An algorithm for the coalitional manipulation problem under maximin
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An Algorithm for the Coalitional Manipulation Problem under Maximin. Michael Zuckerman, Omer Lev and Jeffrey S. Rosenschein COMSOC’10. Agenda. Introduction Constructive Coalitional Unweighted Manipulation (CCUM) problem Algorithm for CCUM under Maximin 1½-approximation to the optimum

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An Algorithm for the Coalitional Manipulation Problem under Maximin

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An algorithm for the coalitional manipulation problem under maximin

An Algorithm for the Coalitional Manipulation Problem under Maximin

Michael Zuckerman, Omer Lev and Jeffrey S. Rosenschein

COMSOC’10


Agenda

Agenda

  • Introduction

  • Constructive Coalitional Unweighted Manipulation (CCUM) problem

  • Algorithm for CCUM under Maximin

  • 1½-approximation to the optimum

  • Tightness of the results

  • Conclusions


Introduction

Introduction

  • Elections

    • Voters submit linear orders of the candidates

    • A voting rule determines the winner based on the votes

  • Manipulation

    • A voter casts a vote that is not his true preference, to make himself better off

  • Gibbard-Satterthwaite theorem

    • Every reasonable voting rule is manipulable


Constructive coalitional unweighted manipulation ccum problem

Constructive Coalitional Unweighted Manipulation (CCUM) problem

  • Given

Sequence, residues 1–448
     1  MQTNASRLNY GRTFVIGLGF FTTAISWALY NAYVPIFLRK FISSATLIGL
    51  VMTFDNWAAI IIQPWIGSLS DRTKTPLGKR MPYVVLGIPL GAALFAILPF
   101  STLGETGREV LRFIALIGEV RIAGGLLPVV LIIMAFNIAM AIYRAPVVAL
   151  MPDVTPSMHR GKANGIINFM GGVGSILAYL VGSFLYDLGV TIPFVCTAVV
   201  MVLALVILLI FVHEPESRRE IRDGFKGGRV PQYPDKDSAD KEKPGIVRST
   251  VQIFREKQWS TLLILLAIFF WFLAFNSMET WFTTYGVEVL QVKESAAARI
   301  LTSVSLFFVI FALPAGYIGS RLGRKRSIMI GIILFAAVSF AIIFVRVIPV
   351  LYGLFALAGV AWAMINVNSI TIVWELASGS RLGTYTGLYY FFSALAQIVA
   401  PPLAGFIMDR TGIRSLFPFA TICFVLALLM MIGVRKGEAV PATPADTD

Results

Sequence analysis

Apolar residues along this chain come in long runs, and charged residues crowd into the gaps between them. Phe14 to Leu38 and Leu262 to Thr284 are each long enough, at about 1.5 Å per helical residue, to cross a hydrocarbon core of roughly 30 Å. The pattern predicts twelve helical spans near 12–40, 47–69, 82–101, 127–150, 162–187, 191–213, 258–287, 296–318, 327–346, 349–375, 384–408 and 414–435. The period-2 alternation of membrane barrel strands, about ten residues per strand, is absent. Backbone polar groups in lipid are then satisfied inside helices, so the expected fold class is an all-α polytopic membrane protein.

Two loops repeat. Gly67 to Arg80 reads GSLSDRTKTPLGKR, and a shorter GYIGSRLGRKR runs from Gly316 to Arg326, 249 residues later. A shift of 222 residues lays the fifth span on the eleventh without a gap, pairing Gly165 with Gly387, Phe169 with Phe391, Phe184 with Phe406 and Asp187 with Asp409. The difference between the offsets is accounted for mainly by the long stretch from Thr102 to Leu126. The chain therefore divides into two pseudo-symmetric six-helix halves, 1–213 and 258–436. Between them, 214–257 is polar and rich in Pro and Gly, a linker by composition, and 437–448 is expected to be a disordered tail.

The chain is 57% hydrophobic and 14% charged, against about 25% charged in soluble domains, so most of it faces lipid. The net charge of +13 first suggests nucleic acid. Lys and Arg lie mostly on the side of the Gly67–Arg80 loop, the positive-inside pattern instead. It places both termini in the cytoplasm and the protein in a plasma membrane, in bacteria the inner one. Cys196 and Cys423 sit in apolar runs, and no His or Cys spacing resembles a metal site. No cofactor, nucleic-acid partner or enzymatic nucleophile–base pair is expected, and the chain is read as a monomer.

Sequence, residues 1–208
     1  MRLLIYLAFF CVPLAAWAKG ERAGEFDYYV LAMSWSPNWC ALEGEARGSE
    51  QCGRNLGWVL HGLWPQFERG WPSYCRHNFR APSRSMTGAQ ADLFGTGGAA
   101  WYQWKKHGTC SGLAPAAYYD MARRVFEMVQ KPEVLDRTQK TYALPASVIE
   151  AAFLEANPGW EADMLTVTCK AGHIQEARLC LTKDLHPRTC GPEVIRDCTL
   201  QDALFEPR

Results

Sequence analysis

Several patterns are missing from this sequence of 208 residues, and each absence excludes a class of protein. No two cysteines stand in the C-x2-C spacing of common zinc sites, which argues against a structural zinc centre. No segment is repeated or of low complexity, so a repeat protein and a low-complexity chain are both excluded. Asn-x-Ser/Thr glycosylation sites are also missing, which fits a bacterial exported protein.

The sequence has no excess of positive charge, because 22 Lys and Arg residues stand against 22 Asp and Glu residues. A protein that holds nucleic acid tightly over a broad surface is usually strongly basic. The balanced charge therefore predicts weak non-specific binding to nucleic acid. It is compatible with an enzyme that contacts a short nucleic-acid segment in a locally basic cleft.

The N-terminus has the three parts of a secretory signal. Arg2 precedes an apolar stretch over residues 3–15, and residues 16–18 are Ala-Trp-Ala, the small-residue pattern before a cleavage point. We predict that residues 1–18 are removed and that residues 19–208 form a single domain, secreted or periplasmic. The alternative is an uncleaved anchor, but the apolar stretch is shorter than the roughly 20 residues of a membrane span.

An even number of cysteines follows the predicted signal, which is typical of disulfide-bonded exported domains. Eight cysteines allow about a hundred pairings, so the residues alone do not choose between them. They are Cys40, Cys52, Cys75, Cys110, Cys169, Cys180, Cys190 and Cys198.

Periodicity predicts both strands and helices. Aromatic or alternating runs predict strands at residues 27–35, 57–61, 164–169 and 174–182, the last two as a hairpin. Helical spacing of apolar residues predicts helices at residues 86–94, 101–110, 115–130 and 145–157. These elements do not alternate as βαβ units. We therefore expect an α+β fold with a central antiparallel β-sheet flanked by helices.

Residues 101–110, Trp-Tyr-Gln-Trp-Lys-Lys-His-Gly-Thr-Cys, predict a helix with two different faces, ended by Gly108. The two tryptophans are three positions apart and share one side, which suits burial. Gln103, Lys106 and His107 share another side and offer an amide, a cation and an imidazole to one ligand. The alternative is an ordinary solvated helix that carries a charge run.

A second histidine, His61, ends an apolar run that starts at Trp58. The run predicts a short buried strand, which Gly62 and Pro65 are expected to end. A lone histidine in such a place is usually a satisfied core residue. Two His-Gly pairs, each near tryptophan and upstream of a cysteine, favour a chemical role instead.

• A voting rule r

    • The Profile of Non-Manipulators PNM

    • Candidate p preferred by the manipulators

    • Number of manipulators |M|

  • We are asked whether or not there exists a Profile of Manipulators PM such that p is the winner of PNM υ PM under r.


Unweighted coalitional optimization uco problem

Unweighted Coalitional Optimization (UCO) problem

  • Given

    • A voting rule r

    • The Profile of Non-Manipulators PNM

    • Candidate p preferred by the manipulators

  • We are asked to find the minimum k such that there exists a set of manipulators M with |M| = k, and a Profile of Manipulators PM such that p is the winner of PNM υ PM under r.


Our setting maximin

Our setting, maximin

  • C = {c1,…,cm} – the set of candidates

  • S, |S| = N – the set of N non-manipulators

  • T, |T| = n – the set of n manipulators

  • Ni(c, c’) = |{ k | c >k c’, >k S υ {1,…,i}}| – the number of voters from S and from the i first manipulators, which prefer c over c’

  • Si(c) = minc’≠cNi(c, c’) – the maximin score of c from S and the i first manipulators

  • Maximin winner = argmaxc{Sn(c)}

  • Denote MINi(c) = {c’ C | Si(c) = Ni(c, c’)}


Ccum complexity

CCUM Complexity

  • CCUM under Maximin is NP-complete for any fixed number of manipulators (≥ 2)(Xia et al. ’09 [1])


The heuristic approximation algorithm

The heuristic / approximation algorithm

  • Fix some order on manipulators

  • The current manipulator i

    • Ranks p first

    • Builds a digraph Gi-1 = (V, Ei-1), where

      • V = C \ {p};

(x, y) Ei-1 iff (y MINi-1(x) and p MINi-1(x))

  • Iterates over the candidates who have not yet been ranked

  • If there is a candidate with out-degree 0, then adds such a candidate with the lowest score

  • Otherwise, if there is a cycle with two adjacent vertices who have the lowest scores – adds the front vertex

  • Otherwise, adds any vertex with the lowest score

  • Removes all the outgoing edges of vertices who had outgoing edge to newly added vertex


Example

a

b

2

c

d

2

e

Example

  • C = {a, b, c, d, e, p}

  • |S| = 6

  • |T| = 2

  • The non-manipulators’ votes:

    • a > b > c > d > p > e

    • a > b > c > d > p > e